Ruch Prawniczy, Ekonomiczny i Socjologiczny, 1988, nr 2


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    Spis treści RPEiS 50(2), 1988
    (Wydział Prawa i Administracji UAM, 1988)
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    Koncepcja praw podmiotowych osobistych
    (Wydział Prawa i Administracji UAM, 1988) Radwański, Zbigniew
    The article is devoted to the question whether civil-law protection of personar interests (Art. 23 and 24 of the Civil Code) is based on the subjective right conception. The author presents his standpoint with respect to the following controversies concerning various aspects of personal interests protection. First, he rejects the view that the immanent link between the person and his/her personal interests, i.e. the inseparability of a subject and an object of a right makes it impossible to adopt the construction of a subjective right. The author proves first that the notion of an object of a right is not a necessary element of a subjective right and that the essence of a subjective right lies in its regulative functions with respect to behaviours of others and not in delimiting the sphere of exclusiveness for a subject with respect to a separate object. Besides, the author proves also that in the case of personal interests the inseparatedness of a subject and an object does not actually take place because there are numerous individual attributes of human personality which do not come within the notion of legal capacity and thus require separate civil-law protection. Next, the author declares for an objective (intersubjective) conception of personal interests and for the conception of plurality of personal rights. The author then states that although there must always be a statutory basis for creating „erga omnes" rights, the degree of precision of the statutory formulation of those rights may vary and thus it is possible to construe „erga omnes" rights protecting interests which — though not mentioned in Art. 23 of the Civil Code — are nonetheless accepted in some way by the legal system. As to the presumption of unlawfulness of the infringement of a personal interest, the author states that each such infringement should be qualified as the infringement of a personal right, and that the criteria of evaluating the unlawfulness are to be of objective character, i.e. are to be based on normative grounds and subsidiarily on the grounds of principles of social coexistence. Similar criteria should be applied to the evaluation of conflicting interests. A generally accepted view that a prevailing social or individual interest may eliminate the unlawfulness does not in any way weaken the construction of a subjective right as a means of protecting personal interests. In turn, a view that a consent of an entitled person is a circumstance eliminating the unlawfulness of an infringement is fully in agreement with the conception of a subjective right. Namely, a consent is an expression of the freedom of decision with respect to one's own interests, and as such is the way of executing one's own subjective rights. Finally, the author analyses other constructions which might be used for the protection of human interests. In particular, he comments on „legal reflexes", tort liability, and the so-called „institutional protection". Neither of them meets the standards offered by the subjective right conception. The first does not stress adequately the fact that general duties originate in the individual interest of the entitled person, the second is based on guilt as one of the premisses of protection, and the third — being centered on the protection of supra-individual interests indicated in „the institution" — would be drastically in conflict with the very sense of introducing the protection regulated in Art. 24 of the Civil Code, aimed at safeguarding individual and not supra-individual interests.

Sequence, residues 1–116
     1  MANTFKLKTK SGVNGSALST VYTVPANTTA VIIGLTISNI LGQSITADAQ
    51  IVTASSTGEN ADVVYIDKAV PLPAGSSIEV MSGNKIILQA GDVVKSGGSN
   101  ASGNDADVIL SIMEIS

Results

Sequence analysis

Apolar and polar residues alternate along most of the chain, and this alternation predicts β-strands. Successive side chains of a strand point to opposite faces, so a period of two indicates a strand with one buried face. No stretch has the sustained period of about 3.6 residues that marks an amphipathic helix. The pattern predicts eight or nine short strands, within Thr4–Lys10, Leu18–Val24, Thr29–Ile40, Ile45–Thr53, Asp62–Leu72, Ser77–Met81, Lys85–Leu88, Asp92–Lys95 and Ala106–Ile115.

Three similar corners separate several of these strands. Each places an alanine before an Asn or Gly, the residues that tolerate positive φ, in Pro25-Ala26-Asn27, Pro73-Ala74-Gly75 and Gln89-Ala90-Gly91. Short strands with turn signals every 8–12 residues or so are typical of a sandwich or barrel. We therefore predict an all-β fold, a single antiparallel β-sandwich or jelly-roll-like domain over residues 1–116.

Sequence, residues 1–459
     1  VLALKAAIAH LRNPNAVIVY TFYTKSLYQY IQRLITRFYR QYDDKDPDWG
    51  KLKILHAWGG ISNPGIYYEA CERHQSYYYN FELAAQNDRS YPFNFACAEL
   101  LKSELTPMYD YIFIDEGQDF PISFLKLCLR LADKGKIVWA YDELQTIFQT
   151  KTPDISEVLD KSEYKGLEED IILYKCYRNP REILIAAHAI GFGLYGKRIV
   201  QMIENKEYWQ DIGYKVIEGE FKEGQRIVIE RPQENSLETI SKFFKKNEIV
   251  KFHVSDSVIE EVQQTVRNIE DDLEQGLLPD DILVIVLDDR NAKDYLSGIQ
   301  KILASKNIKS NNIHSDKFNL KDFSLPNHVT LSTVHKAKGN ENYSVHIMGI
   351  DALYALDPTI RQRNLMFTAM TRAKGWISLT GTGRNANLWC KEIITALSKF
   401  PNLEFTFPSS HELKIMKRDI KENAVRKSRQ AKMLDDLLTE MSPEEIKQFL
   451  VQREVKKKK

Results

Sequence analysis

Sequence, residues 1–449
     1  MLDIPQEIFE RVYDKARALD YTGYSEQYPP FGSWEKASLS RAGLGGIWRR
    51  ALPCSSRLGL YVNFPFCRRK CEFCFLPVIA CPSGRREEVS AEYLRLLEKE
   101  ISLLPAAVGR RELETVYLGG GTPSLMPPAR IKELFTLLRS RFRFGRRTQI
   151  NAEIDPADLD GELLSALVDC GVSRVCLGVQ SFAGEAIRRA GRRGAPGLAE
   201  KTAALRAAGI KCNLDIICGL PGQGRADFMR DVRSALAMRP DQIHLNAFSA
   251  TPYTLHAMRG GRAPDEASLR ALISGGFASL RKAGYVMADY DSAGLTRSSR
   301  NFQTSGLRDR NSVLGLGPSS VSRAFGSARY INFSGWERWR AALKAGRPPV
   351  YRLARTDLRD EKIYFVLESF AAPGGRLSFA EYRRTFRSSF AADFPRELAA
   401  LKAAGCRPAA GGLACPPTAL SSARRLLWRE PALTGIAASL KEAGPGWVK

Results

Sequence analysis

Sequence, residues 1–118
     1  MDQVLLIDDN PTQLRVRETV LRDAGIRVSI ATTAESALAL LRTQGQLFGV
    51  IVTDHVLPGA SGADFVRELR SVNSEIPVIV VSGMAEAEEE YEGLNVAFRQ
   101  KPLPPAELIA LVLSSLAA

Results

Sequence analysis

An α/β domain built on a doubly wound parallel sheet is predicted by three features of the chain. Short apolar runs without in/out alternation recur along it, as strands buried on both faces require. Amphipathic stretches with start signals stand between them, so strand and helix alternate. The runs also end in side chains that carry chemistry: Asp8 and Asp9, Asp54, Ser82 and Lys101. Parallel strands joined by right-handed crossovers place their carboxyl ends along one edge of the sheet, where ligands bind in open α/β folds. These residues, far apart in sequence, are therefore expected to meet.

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    Integralność człowieka w świetle jego statusu rodzinnego
    (Wydział Prawa i Administracji UAM, 1988) Smyczyński, Tadeusz
    The problem of human integrity appears in the context of international documents concerning the protection of human rights. In the author's opinion, there are no grounds to formulate a separate right to integrity. Human integrity should be conceived as a directive of interpretation necessary to assess and implement all human rights. However, integrity should be perceived as referring not only to a human being as a separate individual, but as a member of a family group he himself established or belongs to. Life of an individual is connected with a family, which constitutes natural environment of human existence. Belonging to a family apparently limits integrity of an individual in the sense of his/her autonomy correlated with the lot and well-being of other members of the family. At the same time, however, one may notice that the participation in a family „enlarges" one's personality and thus his/her integrity is also enlarged by those elements which are common for all family members, e.g. dignity, good fame, privacy of family life, etc. Family thus appears as a specific point of reference in an integral approach to the protection of an individual.